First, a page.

Shed Paint

With a spectrum of wood tones, pastel shades and vibrant colours to choose from, changing the appearance of a garden shed has never been easier. Whether looking for subtle window and door frame highlights or the full beach hut look, our shed paint guide will help you to decide.

painted-garden-shed

What is shed paint

By definition, a paint is a substance that coats and colours a surface with an opaque finish. When it comes to shed paint, things aren’t as clear cut.

Traditional paints on exterior wood such as garden sheds can be problematic. Over time, they tend to crack, flake and peel as water gets under the surface of the paint. Unfortunately, this can mean stripped and re-painting the shed several years down the line. Anyone who has done this knows that stripping paint from rough sawn timber is not an easy or pleasant job.

Which is the best shed paint to use?

Many products labelled as garden wood of shed paints are actually wood stains. This is great as rather than coating the wood, they stain it meaning that it will not crack, peel or flake over time. To maintain the look, a fresh coat can be applied every 2 or 3 years or as an when required to refresh the finish.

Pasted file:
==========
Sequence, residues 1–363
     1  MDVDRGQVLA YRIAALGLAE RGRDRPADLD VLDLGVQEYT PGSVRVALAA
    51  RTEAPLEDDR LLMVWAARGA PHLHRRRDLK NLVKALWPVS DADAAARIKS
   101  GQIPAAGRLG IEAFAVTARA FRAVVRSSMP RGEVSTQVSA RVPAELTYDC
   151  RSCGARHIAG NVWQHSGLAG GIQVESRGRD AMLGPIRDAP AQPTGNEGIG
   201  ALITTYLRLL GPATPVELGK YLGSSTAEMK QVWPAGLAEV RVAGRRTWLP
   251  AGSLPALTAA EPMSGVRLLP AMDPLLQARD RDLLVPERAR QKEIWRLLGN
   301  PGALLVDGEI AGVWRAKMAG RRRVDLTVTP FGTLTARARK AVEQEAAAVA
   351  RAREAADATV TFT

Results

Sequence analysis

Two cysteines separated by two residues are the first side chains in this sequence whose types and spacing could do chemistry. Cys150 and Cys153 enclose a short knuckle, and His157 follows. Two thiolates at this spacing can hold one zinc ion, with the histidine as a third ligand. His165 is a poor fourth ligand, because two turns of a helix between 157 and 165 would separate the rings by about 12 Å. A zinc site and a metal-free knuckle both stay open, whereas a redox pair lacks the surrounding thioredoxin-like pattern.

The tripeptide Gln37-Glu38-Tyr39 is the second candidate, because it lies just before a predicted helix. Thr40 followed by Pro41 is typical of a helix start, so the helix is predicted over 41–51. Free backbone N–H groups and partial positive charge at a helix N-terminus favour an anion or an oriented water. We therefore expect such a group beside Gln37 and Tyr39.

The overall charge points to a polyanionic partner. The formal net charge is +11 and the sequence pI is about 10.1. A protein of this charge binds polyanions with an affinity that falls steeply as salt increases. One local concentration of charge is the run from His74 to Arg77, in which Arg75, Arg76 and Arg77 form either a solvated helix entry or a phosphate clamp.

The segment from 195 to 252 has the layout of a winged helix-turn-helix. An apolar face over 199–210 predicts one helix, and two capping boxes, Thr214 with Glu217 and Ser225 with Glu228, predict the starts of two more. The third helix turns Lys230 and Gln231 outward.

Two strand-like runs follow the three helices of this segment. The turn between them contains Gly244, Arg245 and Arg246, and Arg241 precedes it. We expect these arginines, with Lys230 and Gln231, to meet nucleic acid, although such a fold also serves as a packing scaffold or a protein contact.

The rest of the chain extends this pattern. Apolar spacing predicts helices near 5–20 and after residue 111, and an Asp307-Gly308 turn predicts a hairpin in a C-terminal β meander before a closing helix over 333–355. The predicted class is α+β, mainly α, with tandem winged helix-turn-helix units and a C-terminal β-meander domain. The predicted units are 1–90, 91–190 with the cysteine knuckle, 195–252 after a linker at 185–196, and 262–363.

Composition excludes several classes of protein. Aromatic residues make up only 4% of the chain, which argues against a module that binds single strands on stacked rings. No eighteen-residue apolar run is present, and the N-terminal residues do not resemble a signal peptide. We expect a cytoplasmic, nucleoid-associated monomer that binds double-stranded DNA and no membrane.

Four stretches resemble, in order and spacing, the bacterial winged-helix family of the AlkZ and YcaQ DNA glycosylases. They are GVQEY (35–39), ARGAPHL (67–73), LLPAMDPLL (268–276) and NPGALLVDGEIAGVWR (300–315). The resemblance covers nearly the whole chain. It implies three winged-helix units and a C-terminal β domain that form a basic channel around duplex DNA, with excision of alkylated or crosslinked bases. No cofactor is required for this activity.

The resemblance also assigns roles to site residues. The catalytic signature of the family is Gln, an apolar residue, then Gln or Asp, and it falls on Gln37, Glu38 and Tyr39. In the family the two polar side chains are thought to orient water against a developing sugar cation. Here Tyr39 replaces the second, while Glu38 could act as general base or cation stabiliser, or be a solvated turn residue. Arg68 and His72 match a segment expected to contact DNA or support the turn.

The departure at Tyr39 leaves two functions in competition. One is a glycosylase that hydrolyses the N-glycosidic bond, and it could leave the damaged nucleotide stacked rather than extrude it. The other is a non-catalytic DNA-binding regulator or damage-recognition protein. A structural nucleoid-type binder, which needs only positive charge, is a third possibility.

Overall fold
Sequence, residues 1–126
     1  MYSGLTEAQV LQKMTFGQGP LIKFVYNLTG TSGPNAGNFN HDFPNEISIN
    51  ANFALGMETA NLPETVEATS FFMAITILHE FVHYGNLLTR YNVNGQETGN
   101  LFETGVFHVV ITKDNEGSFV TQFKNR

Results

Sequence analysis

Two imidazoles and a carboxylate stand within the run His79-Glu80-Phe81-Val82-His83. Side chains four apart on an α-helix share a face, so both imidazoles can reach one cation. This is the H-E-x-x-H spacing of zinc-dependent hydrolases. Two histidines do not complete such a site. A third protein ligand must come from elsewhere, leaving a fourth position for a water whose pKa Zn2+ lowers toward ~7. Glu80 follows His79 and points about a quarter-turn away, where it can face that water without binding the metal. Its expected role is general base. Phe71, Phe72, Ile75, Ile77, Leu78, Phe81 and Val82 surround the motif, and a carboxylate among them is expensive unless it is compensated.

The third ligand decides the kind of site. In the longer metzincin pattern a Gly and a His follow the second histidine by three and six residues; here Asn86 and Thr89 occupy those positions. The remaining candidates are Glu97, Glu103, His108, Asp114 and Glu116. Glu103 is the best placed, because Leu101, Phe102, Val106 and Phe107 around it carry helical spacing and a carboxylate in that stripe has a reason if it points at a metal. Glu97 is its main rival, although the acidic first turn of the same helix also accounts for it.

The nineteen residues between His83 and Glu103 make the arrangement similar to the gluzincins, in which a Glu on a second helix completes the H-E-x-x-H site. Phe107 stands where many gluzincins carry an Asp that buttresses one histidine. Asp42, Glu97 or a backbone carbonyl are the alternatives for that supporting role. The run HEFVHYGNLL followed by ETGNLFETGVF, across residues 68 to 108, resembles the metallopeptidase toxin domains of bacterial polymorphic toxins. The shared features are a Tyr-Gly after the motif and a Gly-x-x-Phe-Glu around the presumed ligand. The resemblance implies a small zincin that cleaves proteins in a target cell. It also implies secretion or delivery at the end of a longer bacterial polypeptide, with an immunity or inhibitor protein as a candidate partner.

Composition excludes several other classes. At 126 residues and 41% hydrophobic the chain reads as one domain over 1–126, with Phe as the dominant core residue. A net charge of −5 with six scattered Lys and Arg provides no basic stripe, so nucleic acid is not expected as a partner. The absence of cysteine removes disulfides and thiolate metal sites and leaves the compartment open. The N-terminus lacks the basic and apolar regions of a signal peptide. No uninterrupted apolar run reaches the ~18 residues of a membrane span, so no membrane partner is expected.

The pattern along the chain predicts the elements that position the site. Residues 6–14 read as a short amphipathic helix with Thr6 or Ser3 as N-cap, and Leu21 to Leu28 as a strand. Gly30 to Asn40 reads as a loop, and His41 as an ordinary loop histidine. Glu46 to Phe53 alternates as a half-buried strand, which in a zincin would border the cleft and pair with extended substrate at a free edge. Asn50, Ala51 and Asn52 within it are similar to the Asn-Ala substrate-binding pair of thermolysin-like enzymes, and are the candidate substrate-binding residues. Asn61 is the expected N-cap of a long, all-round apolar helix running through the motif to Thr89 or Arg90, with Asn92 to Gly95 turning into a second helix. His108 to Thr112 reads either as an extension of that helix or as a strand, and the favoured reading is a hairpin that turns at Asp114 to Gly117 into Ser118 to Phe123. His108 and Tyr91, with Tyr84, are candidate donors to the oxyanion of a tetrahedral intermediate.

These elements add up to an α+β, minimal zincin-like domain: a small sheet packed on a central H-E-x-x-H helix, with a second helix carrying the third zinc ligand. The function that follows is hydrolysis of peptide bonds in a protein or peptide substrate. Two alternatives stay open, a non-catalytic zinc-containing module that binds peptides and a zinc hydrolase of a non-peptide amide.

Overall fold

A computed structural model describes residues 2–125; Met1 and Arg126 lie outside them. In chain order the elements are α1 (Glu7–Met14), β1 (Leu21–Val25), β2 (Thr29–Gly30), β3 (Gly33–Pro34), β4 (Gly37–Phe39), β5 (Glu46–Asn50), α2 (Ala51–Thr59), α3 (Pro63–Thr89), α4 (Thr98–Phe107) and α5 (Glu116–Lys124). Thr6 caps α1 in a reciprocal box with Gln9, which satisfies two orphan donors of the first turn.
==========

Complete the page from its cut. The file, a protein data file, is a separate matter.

Deciding on which is the best shed paint largely comes down to individual preferences on colour, type of finish and maintenance expectations.

Recommended shed paints

When and how to paint a garden shed

Ideally, the best time to paint a garden shed is when it is new and when the weather is fair, ideally spring or summer. New sheds can be treated with a clear wood preservative prior to painting. If done before the shed is constructed, the ends of the shed panels can also be treated providing better long term protection for the shed.

If using a wood or shed preservative prior to painting, ensure that the correct type is used. For water-based shed paints, ensure that the preservative does not include wax, oil or silicon. If painting with an oil-based stain or paint then preservers that contain wax are fine.

Painting old sheds

Old sheds must be clean, dry and free from surface contaminates prior to painting. Any traces of mould, algae, green or black staining on the timber must be cleaned and treated prior to painting.

  1. Scrape off any surface mould or algae with a paint scraper or stiff brush
  2. Treat the whole shed with a mould and mildew cleaner
  3. Treat a second time if the mould, mildew or algae is particularly bad
  4. Allow the shed to fully dry
  5. Treat the whole shed with 2 coats of a suitable, clear wood or shed preservative
  6. Allow the preservative to dry fully
  7. Paint the shed taking care to coat evenly

Need to know more about shed preservatives? Read our guide on shed preservers here.